L. Grant, B. Frye

University of Colorado at Colorado Springs (UNITED STATES)
Discussions are a routine part of online course delivery systems, and teacher education courses are no exception. Ongoing research to examine discussion structure, discussion groups, formation of learning communities, and quality of postings (e.g., Gao, 2011; Yeh & Lahman, 2007; Szabo & Schwartz, 2011; Donahue & Fox, 2006) all inform our understanding of how online discussions help shape future teachers’ thinking and practices. One aspect of discussions that continues to be debated is the role of the instructor. This study contributes to the growing knowledge base on online discussions by examining how effective instructors model and scaffold quality discussion questions and responses.

Past research has revealed that there is a great deal of variation in the ways that online classes and instructors interact. In an analysis of nine different classes, Dennen (2005) found that the most effective formats, as judged by contributions and student input, were discussions in which the instructors played a key role. The instructors set up clear guidelines, provided feedback, and also assessed the participants’ contributions. Similar findings were found in work by Yeh and Lahman (2007), but from the students’ perspectives. The online participants interviewed felt that instructors needed to be involved, and that they can promote productive discussions. However, as Dennen (2005) cautions, if the instructor’s role becomes too dominating, then student participation can be suppressed. Students may feel pressured and be unsure of the validity of their contributions, and deep exploration of topics can be discouraged. Thus, a balanced role for the instructor became the focal point of our study, with particular attention to how effective instructors model appropriate thinking and interactions (Donahue & Fox, 2006).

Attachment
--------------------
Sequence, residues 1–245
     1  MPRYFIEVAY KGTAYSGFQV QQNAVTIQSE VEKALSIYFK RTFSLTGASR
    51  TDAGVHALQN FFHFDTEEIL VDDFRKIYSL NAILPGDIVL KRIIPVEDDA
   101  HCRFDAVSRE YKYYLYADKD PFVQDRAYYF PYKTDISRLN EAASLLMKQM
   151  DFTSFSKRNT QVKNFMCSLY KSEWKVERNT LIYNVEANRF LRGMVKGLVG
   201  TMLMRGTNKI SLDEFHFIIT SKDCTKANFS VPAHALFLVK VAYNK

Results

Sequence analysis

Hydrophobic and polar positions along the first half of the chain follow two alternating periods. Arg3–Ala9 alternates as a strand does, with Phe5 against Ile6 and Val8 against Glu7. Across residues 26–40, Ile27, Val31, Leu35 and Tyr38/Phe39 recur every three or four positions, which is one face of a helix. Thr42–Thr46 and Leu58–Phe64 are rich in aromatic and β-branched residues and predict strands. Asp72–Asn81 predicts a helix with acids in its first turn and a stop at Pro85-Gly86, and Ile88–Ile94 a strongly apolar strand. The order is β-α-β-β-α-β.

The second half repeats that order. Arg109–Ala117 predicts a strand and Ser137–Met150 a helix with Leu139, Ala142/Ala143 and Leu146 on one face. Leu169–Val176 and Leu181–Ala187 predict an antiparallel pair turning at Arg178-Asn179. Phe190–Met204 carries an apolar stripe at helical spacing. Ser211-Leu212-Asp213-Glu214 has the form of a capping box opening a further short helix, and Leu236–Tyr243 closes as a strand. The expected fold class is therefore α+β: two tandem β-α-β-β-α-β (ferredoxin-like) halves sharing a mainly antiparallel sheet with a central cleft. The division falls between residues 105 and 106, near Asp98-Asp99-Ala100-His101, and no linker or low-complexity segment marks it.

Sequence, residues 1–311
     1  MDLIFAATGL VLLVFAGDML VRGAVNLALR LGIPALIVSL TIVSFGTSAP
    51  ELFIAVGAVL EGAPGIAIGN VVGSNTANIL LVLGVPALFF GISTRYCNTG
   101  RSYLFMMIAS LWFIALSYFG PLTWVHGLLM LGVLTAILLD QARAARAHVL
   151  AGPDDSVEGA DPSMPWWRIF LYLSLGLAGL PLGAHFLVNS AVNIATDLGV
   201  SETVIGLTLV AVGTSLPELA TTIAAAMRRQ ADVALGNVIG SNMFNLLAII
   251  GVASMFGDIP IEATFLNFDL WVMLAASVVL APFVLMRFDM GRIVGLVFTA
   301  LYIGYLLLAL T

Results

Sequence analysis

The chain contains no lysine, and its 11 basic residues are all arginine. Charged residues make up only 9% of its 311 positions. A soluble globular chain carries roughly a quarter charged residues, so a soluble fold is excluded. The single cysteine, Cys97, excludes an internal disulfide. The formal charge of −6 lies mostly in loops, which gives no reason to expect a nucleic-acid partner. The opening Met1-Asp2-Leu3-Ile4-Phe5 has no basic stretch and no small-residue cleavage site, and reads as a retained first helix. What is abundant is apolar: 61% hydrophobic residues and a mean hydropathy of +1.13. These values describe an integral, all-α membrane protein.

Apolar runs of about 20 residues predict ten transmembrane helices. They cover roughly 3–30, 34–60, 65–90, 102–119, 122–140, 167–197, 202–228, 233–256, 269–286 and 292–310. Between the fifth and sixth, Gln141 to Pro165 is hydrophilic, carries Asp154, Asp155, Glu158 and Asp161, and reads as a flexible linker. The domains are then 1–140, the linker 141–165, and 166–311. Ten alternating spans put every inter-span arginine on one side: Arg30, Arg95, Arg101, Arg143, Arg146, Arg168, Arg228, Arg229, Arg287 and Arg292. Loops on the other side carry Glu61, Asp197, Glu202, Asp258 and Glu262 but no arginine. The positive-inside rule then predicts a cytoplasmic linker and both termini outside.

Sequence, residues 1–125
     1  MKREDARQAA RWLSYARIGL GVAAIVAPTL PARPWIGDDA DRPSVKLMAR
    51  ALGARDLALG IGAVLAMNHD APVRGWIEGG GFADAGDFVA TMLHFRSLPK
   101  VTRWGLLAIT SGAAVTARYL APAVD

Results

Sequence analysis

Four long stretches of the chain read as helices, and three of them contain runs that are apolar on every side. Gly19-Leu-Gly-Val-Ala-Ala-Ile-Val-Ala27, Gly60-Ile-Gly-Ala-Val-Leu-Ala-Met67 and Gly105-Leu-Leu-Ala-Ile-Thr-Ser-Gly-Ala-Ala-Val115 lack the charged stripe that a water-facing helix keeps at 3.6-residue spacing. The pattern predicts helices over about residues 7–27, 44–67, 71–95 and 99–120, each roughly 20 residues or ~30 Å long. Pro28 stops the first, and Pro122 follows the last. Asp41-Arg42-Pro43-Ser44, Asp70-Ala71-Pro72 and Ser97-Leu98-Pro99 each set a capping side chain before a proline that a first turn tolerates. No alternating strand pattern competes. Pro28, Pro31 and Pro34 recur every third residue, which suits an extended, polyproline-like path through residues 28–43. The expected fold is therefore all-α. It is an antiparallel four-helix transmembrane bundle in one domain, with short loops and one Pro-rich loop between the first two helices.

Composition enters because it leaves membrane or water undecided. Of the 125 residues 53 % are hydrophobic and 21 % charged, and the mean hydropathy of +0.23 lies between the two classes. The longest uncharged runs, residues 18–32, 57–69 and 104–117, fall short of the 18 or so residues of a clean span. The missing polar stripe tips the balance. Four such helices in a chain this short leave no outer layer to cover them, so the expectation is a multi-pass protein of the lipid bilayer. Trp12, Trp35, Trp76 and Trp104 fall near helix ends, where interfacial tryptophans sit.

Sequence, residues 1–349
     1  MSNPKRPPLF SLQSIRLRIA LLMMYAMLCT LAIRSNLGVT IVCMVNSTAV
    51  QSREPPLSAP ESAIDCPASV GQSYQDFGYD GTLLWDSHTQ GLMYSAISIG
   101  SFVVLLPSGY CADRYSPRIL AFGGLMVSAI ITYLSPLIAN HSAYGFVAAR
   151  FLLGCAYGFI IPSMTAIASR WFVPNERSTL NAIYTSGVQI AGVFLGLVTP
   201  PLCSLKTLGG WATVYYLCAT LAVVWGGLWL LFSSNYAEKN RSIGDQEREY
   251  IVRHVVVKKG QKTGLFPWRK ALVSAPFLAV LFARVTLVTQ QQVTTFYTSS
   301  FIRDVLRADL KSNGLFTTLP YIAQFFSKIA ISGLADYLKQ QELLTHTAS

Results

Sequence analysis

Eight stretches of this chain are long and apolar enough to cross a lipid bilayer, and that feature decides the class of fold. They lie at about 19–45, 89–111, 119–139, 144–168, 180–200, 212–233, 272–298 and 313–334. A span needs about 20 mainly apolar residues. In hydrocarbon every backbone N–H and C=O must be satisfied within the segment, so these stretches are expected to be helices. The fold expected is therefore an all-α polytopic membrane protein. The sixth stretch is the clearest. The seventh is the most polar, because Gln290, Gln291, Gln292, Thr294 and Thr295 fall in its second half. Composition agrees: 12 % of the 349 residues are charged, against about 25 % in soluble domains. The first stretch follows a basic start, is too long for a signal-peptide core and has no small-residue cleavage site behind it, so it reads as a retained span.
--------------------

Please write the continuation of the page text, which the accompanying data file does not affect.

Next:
In order to identify the modeling and scaffolding of effective instructors in online discussions, a set of threaded discussions were analyzed. Over the course of a 16-week graduate level course in a teacher education program, 12 weeks of threads were analyzed. Both instructor postings and student postings were read by two raters, and levels of critical thinking were identified, as described by Khine, Yeap, and Lok (2003). In addition to identifying critical thinking, the posts were further analyzed tracking the instructor's comments and subsequent student posts to determine the effect of instructor modeling and scaffolding on student responses. Results indicated that when instructor modeling and scaffolding is present, student posts that follow show more critical thinking, thus supporting research that supports the facilitative role of the instructor. Examples of posts and interactions will be shared, and suggestions for more productive instructor comments will be given.